Ethiopia, Israel, Bangladesh, UAE and Bhutan are amongst the recipients of the 3.5 lakh tonnes of wheat exported by India on a government-to-government (G2G) basis since a ban on its exports was imposed in May this year following concerns about a domestic spike in prices and possible shortages.
New Delhi may also consider exporting wheat flour, maida, semolina and whole wheat flour to “friendly countries’’ through the same route if the situation warrants, a source told BusinessLine.
While export prohibition on wheat, wheat flour, maida, semolina and whole wheat flour is likely to continue for some time, the government is not worried about rice as its export has not increased much over the past months, the source told BusinessLine.
“Rice traders have been apprehensive about a the possibility of a ban on rice exports but the government does not seem to be in a hurry as situation appears to be under control,” he added.
Curbs on wheat flour export
Following the ban on export of wheat on May 13, the government placed restrictions on the export of wheat flour in July and subsequently banned it.
“Export of wheat flour was banned as there was a 208 per cent increase in exports over the April-August 2022 period. It was because of the sharp increase in exports that the government also decided to ban export of related products including semolina, maida and whole wheat flour,” the source said.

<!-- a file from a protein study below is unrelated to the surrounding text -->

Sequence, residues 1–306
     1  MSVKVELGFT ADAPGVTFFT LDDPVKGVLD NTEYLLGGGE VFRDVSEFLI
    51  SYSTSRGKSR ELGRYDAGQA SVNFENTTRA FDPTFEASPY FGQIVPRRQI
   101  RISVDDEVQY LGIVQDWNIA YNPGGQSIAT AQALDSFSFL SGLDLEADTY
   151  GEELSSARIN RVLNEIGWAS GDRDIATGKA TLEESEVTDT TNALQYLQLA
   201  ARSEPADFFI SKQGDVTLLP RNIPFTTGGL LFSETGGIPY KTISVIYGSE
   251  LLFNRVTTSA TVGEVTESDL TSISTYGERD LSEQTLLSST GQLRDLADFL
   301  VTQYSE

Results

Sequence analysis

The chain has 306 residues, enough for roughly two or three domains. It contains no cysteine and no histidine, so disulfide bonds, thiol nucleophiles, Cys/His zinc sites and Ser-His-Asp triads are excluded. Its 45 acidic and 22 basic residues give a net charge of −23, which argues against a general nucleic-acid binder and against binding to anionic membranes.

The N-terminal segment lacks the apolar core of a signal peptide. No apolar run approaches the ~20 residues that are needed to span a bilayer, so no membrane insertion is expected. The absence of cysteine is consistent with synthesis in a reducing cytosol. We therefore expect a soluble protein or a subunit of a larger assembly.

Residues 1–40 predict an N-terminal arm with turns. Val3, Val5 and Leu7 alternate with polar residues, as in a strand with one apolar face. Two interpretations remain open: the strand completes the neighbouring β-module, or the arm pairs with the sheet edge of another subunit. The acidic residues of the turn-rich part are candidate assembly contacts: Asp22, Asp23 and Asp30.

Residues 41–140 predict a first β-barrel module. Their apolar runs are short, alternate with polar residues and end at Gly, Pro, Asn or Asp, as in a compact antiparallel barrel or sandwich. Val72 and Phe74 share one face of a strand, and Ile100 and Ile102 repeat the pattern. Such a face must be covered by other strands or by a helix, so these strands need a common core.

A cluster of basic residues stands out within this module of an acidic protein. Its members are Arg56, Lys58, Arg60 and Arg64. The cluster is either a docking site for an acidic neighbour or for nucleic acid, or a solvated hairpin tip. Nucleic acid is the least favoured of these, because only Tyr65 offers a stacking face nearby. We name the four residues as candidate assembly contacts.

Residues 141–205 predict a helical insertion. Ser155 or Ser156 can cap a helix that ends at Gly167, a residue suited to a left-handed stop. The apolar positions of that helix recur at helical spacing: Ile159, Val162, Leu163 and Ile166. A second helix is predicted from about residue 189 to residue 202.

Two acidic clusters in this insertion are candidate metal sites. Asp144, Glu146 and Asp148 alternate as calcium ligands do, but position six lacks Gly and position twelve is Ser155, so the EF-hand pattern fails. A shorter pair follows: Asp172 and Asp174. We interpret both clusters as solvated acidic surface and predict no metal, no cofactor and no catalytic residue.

No plans to import wheat into India: Govt sourcesIndia has sufficient stocks to meet domestic requirements, according to sources
The situation for rice is different as increase in export of rice in the April-August 2022 period has been only about 5 per cent, he added.
India’s decision to ban export of wheat had led to a lot of global flak as several developed nations such as the US, the EU, Japan, Paraguay and Brazil blamed it for a further rise in global prices of the foodgrain.
Interestingly, China jumped to India’s defence on the matter at the WTO stressing that targeting it was not right, more so when the purpose of the wheat export regulation was also to ensure that the country could continue to supply to other nations and neighbours with which it had struck agreements.
In its defence, India had argued that its wheat exports were less than 1 per cent of the world trade and hence the country’s curbs should not affect the global markets. India ranked 19th, amongst wheat exporting countries, in 2020 and accounted for a fraction of exports carried out by nations such as the US, Canada, France, Australia and Argentina. In 2021-22, India’s wheat exports were at 7.85 million tonnes.
“Globally, things have changed for the better now as supplies have improved following the Black Sea Grain Initiative agreement between Russia and Ukraine with Turkey and the United Nations for export of food from Ukraine,” the source said indicating that India was facing less pressure now.